Thieves make mammoth heist

A chunk of mammoth ivory that was stolen from the back of a pickup two and a half months ago is still nowhere to be found, and RCMP have gone to the public for help.

A chunk of mammoth ivory that was stolen from the back of a pickup two and a half months ago is still nowhere to be found, and RCMP have gone to the public for help.

The partially intact tusk, which may, at this point, be processed or turned into jewelry, was snatched from a truck parked in the Superstore parking lot on January 12.

Police are asking anyone who’s witnessed a suspicious mammoth ivory sale since that date to call them.

That means anyone who isn’t selling it through a legitimate business, said RCMP spokesperson Sgt. Mark Groves.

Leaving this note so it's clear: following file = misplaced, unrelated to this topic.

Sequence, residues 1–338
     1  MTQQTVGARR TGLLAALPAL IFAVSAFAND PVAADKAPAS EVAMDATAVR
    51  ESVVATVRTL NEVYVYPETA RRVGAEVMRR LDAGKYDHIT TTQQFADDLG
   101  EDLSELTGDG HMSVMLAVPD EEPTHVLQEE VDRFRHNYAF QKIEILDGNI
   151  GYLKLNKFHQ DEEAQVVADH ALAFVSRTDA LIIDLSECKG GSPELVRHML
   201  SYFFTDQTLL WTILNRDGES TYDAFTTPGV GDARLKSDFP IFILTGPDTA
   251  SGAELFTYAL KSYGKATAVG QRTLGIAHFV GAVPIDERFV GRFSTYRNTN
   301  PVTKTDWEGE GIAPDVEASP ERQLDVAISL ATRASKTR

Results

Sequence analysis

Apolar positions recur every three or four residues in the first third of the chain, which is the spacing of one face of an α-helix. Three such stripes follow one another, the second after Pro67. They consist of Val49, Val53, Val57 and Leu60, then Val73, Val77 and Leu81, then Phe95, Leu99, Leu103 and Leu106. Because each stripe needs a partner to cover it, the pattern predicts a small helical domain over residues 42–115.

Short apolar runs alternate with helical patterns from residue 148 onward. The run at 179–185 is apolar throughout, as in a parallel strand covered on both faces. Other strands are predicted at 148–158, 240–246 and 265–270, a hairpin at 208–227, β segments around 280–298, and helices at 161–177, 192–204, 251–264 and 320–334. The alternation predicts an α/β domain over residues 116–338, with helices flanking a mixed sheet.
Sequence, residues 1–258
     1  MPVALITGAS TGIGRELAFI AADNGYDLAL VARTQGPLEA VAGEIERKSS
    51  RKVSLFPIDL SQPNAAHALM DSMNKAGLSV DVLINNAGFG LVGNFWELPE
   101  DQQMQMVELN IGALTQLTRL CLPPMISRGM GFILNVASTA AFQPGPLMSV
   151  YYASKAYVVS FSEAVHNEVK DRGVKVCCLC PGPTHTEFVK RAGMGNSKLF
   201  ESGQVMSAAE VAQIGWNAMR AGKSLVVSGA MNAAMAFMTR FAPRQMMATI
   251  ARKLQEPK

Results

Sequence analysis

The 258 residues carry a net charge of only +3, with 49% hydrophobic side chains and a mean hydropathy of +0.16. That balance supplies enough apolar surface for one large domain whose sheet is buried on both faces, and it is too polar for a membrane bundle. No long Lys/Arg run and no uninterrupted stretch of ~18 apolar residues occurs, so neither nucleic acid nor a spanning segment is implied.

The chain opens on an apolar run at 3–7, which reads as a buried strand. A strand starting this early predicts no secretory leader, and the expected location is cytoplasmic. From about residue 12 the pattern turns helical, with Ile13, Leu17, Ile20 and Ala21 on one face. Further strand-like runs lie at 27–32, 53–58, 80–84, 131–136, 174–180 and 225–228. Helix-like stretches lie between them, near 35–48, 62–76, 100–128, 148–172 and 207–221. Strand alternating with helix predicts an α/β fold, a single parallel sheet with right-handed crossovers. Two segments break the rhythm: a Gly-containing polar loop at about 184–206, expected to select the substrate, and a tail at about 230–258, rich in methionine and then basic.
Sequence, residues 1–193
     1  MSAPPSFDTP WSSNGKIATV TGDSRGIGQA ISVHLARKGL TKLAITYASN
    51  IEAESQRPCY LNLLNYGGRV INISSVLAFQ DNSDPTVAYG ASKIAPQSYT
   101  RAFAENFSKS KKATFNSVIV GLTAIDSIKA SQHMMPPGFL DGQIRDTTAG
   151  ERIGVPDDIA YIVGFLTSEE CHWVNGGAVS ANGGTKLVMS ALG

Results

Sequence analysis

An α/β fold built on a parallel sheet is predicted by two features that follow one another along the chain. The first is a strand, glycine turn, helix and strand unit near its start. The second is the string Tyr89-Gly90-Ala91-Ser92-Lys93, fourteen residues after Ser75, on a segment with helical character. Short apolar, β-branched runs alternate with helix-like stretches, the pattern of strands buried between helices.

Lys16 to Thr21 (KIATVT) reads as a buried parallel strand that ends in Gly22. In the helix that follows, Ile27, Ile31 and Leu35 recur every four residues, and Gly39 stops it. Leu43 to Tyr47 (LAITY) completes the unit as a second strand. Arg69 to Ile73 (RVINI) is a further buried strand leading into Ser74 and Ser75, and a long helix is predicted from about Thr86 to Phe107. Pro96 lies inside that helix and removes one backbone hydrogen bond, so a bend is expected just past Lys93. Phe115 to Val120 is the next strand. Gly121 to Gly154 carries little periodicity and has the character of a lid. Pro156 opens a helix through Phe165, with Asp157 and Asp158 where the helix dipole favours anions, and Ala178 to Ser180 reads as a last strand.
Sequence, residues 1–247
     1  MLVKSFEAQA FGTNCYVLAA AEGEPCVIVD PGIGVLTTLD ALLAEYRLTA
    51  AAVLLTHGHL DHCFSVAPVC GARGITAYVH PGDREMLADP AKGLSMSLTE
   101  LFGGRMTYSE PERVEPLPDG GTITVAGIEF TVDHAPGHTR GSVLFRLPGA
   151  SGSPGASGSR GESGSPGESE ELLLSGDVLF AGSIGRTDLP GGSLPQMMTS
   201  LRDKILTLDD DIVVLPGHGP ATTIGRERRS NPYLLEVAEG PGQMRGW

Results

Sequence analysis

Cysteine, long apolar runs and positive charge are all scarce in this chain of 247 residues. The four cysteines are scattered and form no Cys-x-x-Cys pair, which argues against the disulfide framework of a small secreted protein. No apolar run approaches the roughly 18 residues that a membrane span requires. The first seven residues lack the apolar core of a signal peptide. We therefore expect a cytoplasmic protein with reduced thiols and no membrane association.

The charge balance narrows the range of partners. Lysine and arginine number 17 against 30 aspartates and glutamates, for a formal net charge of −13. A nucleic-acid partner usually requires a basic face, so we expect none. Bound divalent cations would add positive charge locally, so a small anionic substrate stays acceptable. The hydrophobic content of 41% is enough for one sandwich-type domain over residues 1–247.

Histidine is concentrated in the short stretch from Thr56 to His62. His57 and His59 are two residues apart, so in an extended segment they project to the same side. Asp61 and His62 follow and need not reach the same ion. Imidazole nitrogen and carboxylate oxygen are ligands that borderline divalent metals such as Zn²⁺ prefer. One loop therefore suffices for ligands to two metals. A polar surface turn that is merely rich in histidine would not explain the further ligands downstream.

“If people are trying to make a quick buck selling it on the street or in the bar or something like that, and not through a business,” said Groves.

Police believe the thieves are “car prowlers” who target unlocked cars.

But police wouldn’t get into the legality of procuring ivory in the first place, or under what circumstances ivory sales are legal or illegal in the Yukon.

“(The owner) was along the lines of a dealer,” said Groves.

The sale of ivory from miners to dealers to jewellers is common, he said.

Police are looking for suspicious circumstances surrounding a sale, not whether the thieves are selling the ivory through legal or illegal means.

“I don’t want to get into the whole licensing or permitting thing,” said Groves.

It’s wasn’t clear by press time whether regulations designate a mammoth tusk as a “historic object” under the Yukon’s Historic Resources Act. If it is, a permit is needed to search a historic site and the object is not allowed to leave the territory. (James Munson)